For Immediate Release
October 23, 2013
Queen’s Park – Tomorrow Haldimand-Norfolk MPP Toby Barrett will put forward a fresh idea on what a fair day’s pay for a fair day’s work should look like in Ontario.
Barrett will be debating his latest Private Members Bill – Bill 113, Comprehensive Pay Fairness Act – that shines a spotlight on public sector compensation – not just wages but also pensions, vacation time, sick time, hours of work, early retirement, job security and other benefits – in comparison to private sector jobs.
“When you factor in the perks, research indicates civil servants are 30 per cent better off than their private sector counterparts,” Barrett said. “This is not fair, and it’s expensive for taxpayers who are footing the bill.”
One half of this year’s provincial spending of $128 billion is for public servant compensation. That’s $64 billion in taxpayers’ money and a 30 per cent premium over regular work. It means the Ontario government has a combined wage and benefits bill coming in $19 billion higher than if government managers and labour negotiators had kept costs at private sector levels.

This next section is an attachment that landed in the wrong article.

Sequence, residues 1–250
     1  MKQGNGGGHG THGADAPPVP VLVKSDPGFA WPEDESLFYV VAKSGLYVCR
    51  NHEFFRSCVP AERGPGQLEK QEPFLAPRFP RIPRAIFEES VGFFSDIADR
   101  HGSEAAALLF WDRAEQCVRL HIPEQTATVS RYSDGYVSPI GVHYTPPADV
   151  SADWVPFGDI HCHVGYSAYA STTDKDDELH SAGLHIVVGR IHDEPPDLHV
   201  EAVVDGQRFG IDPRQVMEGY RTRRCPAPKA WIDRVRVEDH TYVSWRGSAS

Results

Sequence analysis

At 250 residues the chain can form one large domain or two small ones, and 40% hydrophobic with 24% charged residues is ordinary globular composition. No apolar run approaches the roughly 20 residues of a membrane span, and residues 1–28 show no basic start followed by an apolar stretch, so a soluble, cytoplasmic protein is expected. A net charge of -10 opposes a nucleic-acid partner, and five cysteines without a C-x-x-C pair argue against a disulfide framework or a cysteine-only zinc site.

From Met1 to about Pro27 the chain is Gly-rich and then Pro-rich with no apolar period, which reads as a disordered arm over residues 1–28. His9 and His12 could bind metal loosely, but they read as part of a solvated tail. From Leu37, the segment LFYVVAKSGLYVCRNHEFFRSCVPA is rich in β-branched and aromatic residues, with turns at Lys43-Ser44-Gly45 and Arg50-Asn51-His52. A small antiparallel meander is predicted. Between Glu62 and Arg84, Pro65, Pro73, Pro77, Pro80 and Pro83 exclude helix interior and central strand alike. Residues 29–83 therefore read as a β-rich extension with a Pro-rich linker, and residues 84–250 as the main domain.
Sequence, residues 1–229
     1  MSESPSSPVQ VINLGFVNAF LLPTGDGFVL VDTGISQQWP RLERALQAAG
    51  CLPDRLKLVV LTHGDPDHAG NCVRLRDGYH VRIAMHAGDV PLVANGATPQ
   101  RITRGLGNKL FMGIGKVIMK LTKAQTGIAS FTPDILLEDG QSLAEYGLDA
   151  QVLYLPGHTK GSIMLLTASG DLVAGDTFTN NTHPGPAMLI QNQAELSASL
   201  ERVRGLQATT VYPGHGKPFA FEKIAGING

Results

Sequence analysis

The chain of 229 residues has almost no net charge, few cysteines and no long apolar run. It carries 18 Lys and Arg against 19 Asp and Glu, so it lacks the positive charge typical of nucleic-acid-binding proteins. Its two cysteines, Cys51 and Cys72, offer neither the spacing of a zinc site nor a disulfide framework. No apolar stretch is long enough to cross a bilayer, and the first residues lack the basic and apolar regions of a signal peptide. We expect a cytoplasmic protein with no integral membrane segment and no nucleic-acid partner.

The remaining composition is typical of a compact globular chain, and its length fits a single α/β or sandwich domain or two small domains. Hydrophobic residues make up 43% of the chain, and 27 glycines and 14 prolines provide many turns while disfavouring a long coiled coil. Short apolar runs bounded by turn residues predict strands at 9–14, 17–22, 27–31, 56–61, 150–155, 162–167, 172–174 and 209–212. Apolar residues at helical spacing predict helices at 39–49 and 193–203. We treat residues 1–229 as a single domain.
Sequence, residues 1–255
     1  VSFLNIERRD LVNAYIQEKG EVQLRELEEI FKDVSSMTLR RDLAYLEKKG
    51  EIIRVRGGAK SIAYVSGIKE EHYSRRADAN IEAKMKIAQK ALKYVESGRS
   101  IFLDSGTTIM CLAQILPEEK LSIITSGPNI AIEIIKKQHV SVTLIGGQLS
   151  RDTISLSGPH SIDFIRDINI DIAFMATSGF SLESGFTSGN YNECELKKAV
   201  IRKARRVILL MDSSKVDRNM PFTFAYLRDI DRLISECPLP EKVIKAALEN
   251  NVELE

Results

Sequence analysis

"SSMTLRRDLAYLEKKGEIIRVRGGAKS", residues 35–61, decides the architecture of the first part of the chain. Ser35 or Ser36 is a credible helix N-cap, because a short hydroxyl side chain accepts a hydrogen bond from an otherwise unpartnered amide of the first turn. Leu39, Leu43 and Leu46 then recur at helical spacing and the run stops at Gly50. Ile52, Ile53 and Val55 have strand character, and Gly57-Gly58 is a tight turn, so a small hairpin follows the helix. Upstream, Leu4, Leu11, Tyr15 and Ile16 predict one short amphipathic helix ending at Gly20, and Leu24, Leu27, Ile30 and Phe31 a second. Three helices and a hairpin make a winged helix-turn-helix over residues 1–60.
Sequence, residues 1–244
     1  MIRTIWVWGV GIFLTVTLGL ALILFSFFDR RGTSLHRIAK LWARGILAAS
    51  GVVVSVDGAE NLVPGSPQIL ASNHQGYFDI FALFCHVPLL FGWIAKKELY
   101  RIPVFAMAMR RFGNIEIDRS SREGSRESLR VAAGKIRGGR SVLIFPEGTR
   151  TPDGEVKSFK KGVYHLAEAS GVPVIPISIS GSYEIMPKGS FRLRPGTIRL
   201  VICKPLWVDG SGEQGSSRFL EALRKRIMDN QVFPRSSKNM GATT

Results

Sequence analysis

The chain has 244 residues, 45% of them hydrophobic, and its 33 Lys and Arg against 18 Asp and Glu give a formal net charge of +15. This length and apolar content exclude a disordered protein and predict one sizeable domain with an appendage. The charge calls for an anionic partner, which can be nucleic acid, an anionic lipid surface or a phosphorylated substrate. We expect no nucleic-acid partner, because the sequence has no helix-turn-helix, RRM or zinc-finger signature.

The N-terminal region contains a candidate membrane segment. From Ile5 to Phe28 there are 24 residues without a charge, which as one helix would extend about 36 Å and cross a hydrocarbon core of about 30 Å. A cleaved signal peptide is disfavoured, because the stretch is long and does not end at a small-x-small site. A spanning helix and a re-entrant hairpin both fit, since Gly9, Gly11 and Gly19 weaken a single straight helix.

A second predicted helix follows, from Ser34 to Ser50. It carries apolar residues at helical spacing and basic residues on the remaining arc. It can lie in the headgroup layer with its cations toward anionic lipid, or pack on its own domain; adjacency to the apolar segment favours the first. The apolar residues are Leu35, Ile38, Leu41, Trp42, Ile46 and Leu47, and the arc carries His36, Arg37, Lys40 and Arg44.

Although Barrett’s bill has not been debated yet, it is receiving the thumbs up from various small business advocates and taxpayer associations.
“Bringing public sector compensation in line with the private sector is long overdue”, said CFIB’s Ontario Vice President Plamen Petkov. “Instead of contemplating new taxes to fight gridlock and new Ontario pension plan tax, the province should focus on reducing overall spending by addressing the excessive government wage and benefits premiums over the private sector.”
And Bill Tufts of Fair Pensions For All wrote: “Ontario is now in a globally competitive worldwide marketplace. It is unfair for our businesses to be burdened by a public sector where costs are out of line. We need to maintain balance between the private sector and the public sector. Your efforts go a long way towards achieving this.”
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